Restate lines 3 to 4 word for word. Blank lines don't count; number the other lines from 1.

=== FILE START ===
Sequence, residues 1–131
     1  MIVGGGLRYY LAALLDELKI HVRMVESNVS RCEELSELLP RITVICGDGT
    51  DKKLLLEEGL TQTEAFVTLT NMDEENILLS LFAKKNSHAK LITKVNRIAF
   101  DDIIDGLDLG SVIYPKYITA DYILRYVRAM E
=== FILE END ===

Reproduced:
    51  DKKLLLEEGL TQTEAFVTLT NMDEENILLS LFAKKNSHAK LITKVNRIAF
   101  DDIIDGLDLG SVIYPKYITA DYILRYVRAM E